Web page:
Danica Seleskovitch: an exceptional life

There are sometimes encounters that determine the orientation of a lifetime. As I say in the foreword to my book, this is what happened to me: my encounter with Danica Seleskovitch was decisive for my career as an interpreter, and to a large extent, for the whole course of my existence.

Paris, Berlin, Belgrade, Washington: the life and career as a conference interpreter of Danica Seleskovitch, known to many as just Danica (pronounced Danitsa), encompass eighty years of the twentieth century. She was an exceptional interpreter, a charismatic teacher, an original researcher, and also an attentive witness to the momentous events of her time, seen from the  privileged observation post afforded to her by her profession.

Born in 1921 of a Serbian father and a French mother, Danica was from the start in contact with several languages and several cultures. She spent her early childhood in Nice, her adolescence and youth in Berlin as the Nazi menace gained momentum, and then lived in Belgrade under German occupation. After the end of the Second World War, she studied at the Sorbonne and the interpreting school attached to the Ecole des Hautes Etudes Commerciales (HEC), learning the craft of conference interpreting. She first exercised her new profession in Washington, with the productivity missions organised in the United States in the framework of the Marshall Plan, and then alongside Jean Monnet at the Coal and Steel Community in Luxemburg.

Danica returned to Paris in the middle of the fifties, embarking upon a long career as a conference interpreter, which was to bring her into contact with great figures of the century, such as General de Gaulle and Marshal Tito. She already took a keen interest in training conference interpreters, and became a leading light of the Ecole Supérieure d'Interprètes et de Traducteurs (ESIT) of the Sorbonne; she also gave a lot of time and energy to the International Association of Conference Interpreters (AIIC), where she was engaged in organising and defining the conditions of exercise of the budding profession.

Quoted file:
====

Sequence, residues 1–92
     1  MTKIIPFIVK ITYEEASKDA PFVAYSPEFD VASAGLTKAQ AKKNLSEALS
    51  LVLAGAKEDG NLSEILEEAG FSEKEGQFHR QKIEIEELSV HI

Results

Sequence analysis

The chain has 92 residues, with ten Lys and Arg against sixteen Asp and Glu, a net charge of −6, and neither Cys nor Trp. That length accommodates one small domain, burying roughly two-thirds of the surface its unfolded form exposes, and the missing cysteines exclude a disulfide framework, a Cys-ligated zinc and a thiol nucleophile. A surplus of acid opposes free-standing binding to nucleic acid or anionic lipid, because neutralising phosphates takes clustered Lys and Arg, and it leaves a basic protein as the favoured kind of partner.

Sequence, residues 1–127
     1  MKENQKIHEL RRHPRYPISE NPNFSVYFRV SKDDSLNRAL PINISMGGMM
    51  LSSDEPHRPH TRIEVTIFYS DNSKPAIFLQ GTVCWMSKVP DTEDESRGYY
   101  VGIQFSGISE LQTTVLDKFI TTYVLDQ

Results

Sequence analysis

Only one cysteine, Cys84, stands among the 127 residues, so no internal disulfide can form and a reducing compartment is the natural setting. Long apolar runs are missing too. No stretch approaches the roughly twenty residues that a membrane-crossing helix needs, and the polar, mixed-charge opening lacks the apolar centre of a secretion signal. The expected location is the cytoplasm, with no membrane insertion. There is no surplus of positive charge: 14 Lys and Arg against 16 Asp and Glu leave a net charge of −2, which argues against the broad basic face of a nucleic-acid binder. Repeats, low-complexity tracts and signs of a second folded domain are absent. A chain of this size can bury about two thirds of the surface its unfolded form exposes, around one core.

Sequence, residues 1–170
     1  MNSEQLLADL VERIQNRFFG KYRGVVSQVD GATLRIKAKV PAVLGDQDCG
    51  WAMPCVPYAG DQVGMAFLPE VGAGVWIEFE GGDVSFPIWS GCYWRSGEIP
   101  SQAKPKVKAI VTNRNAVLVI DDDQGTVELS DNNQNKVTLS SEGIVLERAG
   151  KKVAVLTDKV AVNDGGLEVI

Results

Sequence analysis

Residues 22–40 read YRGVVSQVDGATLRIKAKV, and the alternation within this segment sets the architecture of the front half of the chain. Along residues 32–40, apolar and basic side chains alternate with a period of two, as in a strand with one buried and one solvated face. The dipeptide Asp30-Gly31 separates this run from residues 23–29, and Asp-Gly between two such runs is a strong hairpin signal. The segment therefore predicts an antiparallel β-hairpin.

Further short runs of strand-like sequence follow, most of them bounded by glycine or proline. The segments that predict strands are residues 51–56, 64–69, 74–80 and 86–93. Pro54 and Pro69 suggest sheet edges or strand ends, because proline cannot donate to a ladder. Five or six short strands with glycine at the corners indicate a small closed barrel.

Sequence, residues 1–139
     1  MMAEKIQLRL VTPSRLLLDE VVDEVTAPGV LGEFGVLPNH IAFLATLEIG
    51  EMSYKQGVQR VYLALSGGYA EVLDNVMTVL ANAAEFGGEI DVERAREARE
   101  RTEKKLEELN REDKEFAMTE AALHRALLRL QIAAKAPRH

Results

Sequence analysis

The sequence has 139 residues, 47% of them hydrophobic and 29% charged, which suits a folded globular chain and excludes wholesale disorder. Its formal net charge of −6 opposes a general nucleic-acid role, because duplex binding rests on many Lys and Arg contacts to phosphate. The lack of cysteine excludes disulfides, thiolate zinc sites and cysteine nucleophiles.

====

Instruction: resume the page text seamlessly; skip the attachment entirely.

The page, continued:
Danica devoted the second part of her life to teaching and research. After her PhD, in 1974 she set up the first doctorate in translation studies at the University of Paris III-Sorbonne Nouvelle. For over thirty years, until her death in 2001, she published, in France and abroad, numerous books and articles on matters related to her discipline.

For many colleagues and former students the demise in 2001 of such a strong and warm personality left an emptiness that this biography, written as a tribute, attempts to alleviate.

Anne-Marie Widlund-Fantini was born in 1949. She graduated as a conference interpreter from the Ecole Supérieure d'Interprètes et de Traducteurs in 1975. After a career as a free lance, she joined the European Civil Service in 1995, and is today at the head of the French Interpreting Division at the European Parliament. She has published several articles on conference interpreting, and on the work of Danica Seleskovitch. Danica Seleskovitch - Interprète, et témoin du XXe siècle is her first book.





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